The beauty of the yoga practice is that it really lives in all of us.  Every time we notice our breath or become aware of our actions, we are creating a yoga practice in that moment.  It doesn’t have to be about practicing challenging poses or doing 52 sun salutations.  Very simply, it can be about carving out time to move in a way that connects you with the deepest part of you, your breath, your expression of your true self.  It’s not about doing the poses perfectly, but about the space you create in your body and mind.  It doesn’t have to be a replacement for class or working with a teacher.  Rather, it supports your practice.  It’s a chance for you to explore on your own – to figure out how these shapes live within you.  Having a home practice, as I see it, provides us with the opportunity to connect more deeply with ourselves, tune in and listen to our inner yoga tour guide to lead us in a practice that supports what we need.  It becomes a time to awaken our creative resources and to truly and honestly move from the inside out.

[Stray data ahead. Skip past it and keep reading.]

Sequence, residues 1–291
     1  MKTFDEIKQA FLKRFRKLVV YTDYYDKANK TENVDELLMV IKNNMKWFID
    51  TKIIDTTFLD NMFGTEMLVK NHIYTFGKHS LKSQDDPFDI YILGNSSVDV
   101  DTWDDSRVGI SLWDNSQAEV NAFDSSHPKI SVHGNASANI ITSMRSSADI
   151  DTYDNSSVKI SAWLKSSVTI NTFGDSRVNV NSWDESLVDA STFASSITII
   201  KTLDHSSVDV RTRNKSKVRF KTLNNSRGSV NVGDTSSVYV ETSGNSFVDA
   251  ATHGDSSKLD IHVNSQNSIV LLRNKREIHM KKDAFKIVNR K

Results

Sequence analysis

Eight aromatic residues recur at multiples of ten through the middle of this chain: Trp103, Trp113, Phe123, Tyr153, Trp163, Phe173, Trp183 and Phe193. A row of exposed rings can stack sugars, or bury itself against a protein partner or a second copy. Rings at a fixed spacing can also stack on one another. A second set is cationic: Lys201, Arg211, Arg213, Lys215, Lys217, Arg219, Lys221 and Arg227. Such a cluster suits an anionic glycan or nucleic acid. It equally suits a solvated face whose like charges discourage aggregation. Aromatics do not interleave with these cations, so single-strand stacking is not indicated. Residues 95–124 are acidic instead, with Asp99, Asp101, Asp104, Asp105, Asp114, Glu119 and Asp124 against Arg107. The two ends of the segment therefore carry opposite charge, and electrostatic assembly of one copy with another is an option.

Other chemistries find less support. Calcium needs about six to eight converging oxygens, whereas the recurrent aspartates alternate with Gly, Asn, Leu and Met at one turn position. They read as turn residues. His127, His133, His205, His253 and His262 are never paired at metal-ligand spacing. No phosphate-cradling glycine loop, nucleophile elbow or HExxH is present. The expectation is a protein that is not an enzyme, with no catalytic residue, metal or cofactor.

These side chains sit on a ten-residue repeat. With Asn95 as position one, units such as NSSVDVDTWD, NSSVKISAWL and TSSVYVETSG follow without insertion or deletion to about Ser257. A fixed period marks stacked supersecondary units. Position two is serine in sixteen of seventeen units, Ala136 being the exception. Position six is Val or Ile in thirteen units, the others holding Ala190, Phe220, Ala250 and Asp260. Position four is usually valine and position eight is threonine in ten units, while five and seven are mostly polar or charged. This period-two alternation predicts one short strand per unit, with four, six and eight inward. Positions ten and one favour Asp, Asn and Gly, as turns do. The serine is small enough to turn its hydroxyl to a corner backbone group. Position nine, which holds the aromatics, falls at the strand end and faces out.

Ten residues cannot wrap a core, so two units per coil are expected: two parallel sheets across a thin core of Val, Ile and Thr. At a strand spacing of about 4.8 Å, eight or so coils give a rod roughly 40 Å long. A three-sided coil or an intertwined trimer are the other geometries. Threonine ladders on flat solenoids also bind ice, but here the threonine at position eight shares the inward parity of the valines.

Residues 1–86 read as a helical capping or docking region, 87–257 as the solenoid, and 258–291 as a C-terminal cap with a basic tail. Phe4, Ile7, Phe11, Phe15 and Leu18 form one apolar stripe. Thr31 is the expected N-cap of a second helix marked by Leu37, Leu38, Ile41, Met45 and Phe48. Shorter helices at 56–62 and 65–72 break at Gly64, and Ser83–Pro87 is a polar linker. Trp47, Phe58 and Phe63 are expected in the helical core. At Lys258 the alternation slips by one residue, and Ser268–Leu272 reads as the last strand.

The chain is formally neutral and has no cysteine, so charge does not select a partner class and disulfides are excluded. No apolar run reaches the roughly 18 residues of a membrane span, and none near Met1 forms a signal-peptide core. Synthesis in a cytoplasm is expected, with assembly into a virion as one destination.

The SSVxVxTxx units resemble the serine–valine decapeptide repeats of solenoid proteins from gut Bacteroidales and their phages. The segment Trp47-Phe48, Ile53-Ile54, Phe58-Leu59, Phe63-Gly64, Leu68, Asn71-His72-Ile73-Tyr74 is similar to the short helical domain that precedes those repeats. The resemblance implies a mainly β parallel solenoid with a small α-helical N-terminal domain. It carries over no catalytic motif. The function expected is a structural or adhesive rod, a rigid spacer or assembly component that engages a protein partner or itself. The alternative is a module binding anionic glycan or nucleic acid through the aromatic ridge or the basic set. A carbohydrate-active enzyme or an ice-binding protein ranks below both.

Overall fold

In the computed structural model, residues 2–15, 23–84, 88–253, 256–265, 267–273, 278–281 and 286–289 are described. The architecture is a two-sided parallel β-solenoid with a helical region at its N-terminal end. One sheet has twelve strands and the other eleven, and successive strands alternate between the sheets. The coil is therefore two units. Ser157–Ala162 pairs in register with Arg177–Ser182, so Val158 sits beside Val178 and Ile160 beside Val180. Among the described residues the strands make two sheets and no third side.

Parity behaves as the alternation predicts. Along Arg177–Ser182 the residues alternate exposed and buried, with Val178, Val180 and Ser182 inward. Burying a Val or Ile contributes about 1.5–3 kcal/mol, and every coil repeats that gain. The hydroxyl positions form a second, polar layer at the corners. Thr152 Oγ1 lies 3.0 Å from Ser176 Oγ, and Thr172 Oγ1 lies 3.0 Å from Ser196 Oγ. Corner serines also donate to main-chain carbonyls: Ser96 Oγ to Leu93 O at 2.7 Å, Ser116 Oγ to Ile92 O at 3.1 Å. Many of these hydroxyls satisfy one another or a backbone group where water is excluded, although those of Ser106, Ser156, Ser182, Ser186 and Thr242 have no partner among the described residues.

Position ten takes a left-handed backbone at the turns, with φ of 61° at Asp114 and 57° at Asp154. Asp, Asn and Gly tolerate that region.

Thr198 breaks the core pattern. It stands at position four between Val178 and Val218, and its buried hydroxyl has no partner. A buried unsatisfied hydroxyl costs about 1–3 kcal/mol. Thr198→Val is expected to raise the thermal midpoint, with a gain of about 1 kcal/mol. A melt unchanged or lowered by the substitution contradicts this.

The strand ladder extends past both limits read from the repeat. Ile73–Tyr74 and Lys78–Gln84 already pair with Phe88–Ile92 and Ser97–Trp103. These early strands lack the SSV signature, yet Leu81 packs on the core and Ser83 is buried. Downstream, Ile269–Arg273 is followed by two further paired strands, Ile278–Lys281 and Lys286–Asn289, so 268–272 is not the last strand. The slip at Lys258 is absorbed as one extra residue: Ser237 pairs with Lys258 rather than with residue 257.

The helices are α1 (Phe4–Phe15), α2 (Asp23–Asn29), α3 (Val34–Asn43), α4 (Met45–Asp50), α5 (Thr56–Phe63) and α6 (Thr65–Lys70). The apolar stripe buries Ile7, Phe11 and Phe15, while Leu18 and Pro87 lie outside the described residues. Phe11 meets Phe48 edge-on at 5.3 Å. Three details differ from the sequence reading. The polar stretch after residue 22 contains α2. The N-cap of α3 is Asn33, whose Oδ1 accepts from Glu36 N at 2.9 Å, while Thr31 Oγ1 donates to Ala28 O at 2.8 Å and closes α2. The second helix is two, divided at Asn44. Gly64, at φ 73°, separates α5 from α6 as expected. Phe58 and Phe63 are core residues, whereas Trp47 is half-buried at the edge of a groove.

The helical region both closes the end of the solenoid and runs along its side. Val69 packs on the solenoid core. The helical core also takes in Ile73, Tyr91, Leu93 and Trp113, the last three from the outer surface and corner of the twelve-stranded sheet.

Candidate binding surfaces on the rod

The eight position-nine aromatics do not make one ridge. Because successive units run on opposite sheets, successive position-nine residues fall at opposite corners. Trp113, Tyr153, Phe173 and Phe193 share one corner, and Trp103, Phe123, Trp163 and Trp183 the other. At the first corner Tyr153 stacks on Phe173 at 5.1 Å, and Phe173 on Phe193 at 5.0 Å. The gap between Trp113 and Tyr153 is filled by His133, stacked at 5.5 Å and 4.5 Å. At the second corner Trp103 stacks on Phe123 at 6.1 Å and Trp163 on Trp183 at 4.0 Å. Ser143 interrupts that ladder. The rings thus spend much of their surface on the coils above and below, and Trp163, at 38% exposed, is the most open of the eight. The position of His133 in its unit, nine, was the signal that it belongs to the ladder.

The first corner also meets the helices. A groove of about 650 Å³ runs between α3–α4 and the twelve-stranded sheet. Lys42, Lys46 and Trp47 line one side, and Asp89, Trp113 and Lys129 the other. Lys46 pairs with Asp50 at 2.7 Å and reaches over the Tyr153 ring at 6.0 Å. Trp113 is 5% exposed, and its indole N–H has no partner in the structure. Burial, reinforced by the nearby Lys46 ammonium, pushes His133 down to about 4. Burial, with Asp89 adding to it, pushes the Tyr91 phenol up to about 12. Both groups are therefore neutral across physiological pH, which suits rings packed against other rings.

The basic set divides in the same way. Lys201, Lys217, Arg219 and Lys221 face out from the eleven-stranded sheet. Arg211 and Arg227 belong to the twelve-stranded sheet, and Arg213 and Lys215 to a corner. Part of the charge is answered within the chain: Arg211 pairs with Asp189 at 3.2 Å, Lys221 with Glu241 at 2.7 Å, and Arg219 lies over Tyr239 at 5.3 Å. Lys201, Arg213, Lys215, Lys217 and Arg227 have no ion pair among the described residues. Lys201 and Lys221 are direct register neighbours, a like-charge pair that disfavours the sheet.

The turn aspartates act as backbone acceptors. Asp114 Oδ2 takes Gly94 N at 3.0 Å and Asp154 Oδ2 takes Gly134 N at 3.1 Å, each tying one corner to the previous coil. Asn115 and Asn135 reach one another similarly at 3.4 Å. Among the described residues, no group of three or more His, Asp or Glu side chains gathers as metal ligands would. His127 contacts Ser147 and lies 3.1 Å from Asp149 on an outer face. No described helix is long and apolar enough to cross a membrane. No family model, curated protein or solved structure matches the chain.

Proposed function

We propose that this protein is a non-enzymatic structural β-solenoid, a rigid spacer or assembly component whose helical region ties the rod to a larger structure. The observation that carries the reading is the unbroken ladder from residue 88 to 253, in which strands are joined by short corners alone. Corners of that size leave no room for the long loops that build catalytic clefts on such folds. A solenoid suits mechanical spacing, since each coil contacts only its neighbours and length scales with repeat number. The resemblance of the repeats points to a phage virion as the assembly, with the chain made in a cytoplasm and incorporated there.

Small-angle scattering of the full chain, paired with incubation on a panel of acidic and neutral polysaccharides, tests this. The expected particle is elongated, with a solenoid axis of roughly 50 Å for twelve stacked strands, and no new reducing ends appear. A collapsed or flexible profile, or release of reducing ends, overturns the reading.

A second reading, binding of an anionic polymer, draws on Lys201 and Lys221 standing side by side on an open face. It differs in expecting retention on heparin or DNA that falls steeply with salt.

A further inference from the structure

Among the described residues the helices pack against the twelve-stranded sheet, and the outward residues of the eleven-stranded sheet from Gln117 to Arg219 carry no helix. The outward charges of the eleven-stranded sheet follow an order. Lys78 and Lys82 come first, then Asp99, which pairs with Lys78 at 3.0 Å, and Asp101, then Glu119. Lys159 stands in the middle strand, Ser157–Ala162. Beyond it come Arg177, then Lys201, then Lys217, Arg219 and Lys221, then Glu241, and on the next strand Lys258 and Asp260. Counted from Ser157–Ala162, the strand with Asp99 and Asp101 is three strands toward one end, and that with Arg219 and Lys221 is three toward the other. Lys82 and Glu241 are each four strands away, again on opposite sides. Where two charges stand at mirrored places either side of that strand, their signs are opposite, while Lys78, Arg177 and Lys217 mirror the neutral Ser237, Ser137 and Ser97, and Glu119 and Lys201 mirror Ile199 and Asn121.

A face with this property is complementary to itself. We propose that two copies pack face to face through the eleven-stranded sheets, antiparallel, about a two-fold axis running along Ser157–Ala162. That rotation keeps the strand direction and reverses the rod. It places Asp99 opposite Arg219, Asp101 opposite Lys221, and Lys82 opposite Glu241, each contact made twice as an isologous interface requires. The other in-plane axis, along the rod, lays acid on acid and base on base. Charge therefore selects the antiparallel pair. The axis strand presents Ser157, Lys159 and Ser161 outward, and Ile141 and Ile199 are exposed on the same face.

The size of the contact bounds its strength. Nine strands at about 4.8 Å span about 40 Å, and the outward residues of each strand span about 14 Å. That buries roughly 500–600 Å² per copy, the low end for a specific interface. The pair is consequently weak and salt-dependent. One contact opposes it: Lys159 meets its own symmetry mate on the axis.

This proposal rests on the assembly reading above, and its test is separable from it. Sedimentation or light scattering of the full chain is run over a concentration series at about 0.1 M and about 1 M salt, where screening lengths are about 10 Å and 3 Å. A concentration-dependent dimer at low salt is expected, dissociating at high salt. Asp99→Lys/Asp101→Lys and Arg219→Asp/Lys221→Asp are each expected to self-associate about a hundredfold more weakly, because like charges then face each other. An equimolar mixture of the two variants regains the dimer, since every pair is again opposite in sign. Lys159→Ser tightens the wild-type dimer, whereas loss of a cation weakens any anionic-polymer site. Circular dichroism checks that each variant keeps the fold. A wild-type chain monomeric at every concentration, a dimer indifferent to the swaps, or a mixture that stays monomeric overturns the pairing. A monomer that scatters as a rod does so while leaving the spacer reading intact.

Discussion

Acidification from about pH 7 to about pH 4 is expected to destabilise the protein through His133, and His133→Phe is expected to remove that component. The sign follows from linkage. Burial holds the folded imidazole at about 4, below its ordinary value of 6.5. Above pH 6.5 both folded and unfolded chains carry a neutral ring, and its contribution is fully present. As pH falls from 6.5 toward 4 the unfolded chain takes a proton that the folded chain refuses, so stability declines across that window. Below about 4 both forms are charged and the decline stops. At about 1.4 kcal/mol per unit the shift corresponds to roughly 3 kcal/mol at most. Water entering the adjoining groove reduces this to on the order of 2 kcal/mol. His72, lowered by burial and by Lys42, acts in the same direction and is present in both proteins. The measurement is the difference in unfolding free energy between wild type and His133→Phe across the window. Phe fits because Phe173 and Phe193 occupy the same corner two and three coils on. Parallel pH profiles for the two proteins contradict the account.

And beyond the asanas of course, is a whole landscape of teachings you may have heard about in class.  So if you don’t feel like doing a physical practice, you can explore how a teaching can become a part of your day-to-day life.  How you interpret these teachings and apply them in your practice and in your life is open to your creative interpretation.  How they play a part in your life will be different than how they show up in someone else’s life. 


As you can see, there‘s room for interpretation, room for play, room for creativity.  So go home, unfold your mat, roll around on it and make this practice YOURS!





What I am actually saying is that we need to be willing to let our intuition guide us, and then be willing to follow that guidance directly and fearlessly.  Shakti Gawain


Why should we all use our creative power…?  Because there is nothing that makes people so generous, joyful, lively, bold and compassionate, so indifferent to fighting and the accumulation of objects and money.  Brenda Ueland





Simply start by sitting on your mat.  Breathe– maybe 2-5 minutes.


The next time you come to your mat, plan to be on your mat for 10 minutes.  Start with the breathing for 2-5 minutes, do 1 or 2 poses, and rest in savasana for 2-3 minutes.